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Japan to Provide Over $1 Billion in Loans to Myanmar for Development Projects


YANGON—Myanmar and Japan have signed four loan agreements worth about US$1.1 billion (120.915 billion yen, or 1.61 trillion kyats) to fund sewerage, urban development, power distribution and infrastructure improvement projects in seven regions and states in Myanmar.

The four Official Development Assistance (ODA) loan agreements were signed on Tuesday between Japanese Ambassador Maruyama Ichiro and U Maung Maung Win, Myanmar’s deputy minister for planning, finance and industry, with the aim of improving living standards and economic and social development in Myanmar, the Japanese Embassy in Yangon said in a statement.

About 45.9 billion yen will go towards developing Yangon’s sewerage system. The funds will be used to renovate and expand wastewater treatment plants, lay sewer pipes and improve living standards in the central business district of Yangon.

Currently, much of Yangon’s human waste and domestic and industrial wastewater flows into the Yangon River untreated, resulting in poor water quality.

The project will result in a seven-fold increase in the city’s capacity to treat wastewater by 2030 (two years after the project’s scheduled completion), with the total volume of wastewater treated increasing by about 130 times, the embassy said

An estimated 24.085 billion yen will go towards an urban development project to reduce traffic congestion and repair damage caused by flooding in Yangon. The project will improve about one-third of the region’s main drainage channels and introduce measures to reduce congestion and improve safety on Yangon’s main roads. It will also reduce traffic congestion at level crossings where main roads intersect with the Yangon Circular Railway.

According the embassy, rapid economic growth in recent years has brought with it a dramatic increase in the number of registered motor vehicles in the Yangon metropolitan area, and traffic congestion has been severe for a long time. Moreover, the poor capacity of existing drainage channels results in flooding during the rainy season, exacerbating the traffic problem and posing a threat to public safety.

Japan also committed about 12.288 billion yen to a power distribution improvement project, which aims to repair and expand the electricity distribution network to improve the power supply in Yangon and Mandalay.

Myanmar has Southeast Asia’s lowest rate of access to electricity, and power demand is increasing rapidly as investment in development projects increases. According to the Ministry of Electricity and Energy (MOEE), power demand is expected to increase to 1,588 MW by 2020.

In May last year, the Myanmar government announced plans to buy 1,000 MW of electricity from a Chinese state-owned enterprise to cover an expected electricity shortage over the next two years.

The project will lower the power distribution loss rate in each city and reduce the number of power outages caused by the insufficient capacity of the distribution facilities, according to the statement.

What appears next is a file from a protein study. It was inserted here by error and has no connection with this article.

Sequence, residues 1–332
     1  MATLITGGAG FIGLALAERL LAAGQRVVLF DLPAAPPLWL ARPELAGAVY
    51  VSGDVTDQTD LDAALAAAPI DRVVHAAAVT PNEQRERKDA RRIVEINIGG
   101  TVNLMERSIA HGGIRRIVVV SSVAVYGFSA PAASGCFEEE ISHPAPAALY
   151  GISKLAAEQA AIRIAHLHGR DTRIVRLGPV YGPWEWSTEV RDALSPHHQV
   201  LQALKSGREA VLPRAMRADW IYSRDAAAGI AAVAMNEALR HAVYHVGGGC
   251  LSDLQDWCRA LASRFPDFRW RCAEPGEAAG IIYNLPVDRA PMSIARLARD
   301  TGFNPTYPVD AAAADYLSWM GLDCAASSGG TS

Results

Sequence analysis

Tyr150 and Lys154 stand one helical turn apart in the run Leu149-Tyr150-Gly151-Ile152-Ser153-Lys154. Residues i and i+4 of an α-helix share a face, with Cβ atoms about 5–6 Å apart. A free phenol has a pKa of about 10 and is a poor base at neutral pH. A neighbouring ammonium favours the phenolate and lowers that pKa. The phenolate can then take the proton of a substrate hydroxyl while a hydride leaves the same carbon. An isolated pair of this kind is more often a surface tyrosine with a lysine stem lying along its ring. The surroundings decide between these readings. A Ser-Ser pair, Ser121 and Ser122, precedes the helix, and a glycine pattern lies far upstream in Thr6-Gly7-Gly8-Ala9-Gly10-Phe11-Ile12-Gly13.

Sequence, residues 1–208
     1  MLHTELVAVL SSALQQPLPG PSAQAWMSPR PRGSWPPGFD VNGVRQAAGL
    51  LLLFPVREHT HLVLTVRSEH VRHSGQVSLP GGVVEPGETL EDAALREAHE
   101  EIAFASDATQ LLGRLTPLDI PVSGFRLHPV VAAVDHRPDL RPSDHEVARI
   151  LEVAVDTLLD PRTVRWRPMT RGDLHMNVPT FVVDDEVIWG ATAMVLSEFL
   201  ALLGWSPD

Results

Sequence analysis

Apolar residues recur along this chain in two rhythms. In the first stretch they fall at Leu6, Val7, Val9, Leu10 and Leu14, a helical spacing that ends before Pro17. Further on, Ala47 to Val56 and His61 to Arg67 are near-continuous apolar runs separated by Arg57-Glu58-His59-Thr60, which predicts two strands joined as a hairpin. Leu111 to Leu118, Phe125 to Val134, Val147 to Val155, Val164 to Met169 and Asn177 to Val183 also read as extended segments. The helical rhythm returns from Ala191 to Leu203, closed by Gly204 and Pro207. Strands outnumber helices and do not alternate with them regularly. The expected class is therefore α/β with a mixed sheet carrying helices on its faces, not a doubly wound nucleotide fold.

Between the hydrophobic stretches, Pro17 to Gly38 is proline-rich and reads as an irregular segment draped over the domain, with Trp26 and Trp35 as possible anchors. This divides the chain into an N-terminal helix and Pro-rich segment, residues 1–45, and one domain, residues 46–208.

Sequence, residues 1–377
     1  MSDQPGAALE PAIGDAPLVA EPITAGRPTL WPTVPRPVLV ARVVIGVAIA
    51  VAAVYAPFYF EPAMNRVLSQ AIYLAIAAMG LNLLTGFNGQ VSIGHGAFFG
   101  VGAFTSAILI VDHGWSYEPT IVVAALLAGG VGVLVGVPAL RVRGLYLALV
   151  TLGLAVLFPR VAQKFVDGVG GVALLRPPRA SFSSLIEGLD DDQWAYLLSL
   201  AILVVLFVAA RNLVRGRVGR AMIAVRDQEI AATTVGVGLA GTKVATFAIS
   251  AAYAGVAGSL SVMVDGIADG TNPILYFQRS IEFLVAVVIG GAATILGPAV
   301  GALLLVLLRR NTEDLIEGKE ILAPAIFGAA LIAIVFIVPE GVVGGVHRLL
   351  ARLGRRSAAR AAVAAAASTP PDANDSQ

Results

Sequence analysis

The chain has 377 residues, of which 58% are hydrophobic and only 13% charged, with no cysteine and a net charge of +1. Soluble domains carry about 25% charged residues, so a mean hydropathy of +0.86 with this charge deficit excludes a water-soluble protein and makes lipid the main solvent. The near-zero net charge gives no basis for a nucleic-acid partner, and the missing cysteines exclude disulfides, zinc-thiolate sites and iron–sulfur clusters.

The embassy will also fund a project to improve regional infrastructure in Chin, Rakhine, Mon and Kayin states and in Tanintharyi Region. An estimated 38.642 billion yen will be provided for construction, renovation and installation of basic infrastructure such as roads, bridges, and power and water supply in rural areas of the states and region.

A total of 70 sub-projects (35 road/bridge projects; 25 electricity projects and 10 water supply projects) will be implemented in the states and region, the embassy said.

The poverty rates in Chin (73.8 percent) and Rakhine (43.5 percent) are the highest in Myanmar. The majority of the states’ residents are unable to access electricity or adequate water supply.

Mon and Kayin states and Tanintharyi Region are situated along Japan’s East-West Economic Corridor and Southern Economic Corridor, and this should assist in their development, the embassy said.

Under Japan’s grand plan for the region, Myanmar sits on two major economic corridors: the East-West Economic Corridor connecting Vietnam’s Dong Ha City with Yangon’s Thilawa Special Economic Zone (SEZ) via Cambodia and Thailand, and the Southern Economic Corridor connecting central Vietnam, Cambodia and Thailand to the Dawei SEZ in southeastern Myanmar.

The economic development of regions and states is emphasized in the Ayeyarwady, Chao Phraya and Mekong Economic Cooperation Strategy (ACMECS), and the establishment of basic infrastructure is important to the promotion of steady economic development in rural areas, the embassy said. ACMECS is a sub-regional initiative grouping Myanmar, Thailand, Laos, Cambodia and Vietnam.

According to the statement, the projects are part of the 800 billion yen in private-public assistance that Japanese Prime Minister Shinzo Abe pledged to provide within five years during a meeting with State Counselor Daw Aung San Suu Kyi in November 2016.

In October 2018, the State Counselor made a six-day visit to Japan to attend the Mekong-Japan Summit. At the bilateral meeting, Abe promised more than 70 billion yen in low-interest loans for development projects to improve sewage, drainage, traffic, roads and sidewalks in Yangon. The two leaders also discussed the ongoing distribution of the 800 billion yen in assistance agreed in 2016.

Source: Irrawaddy

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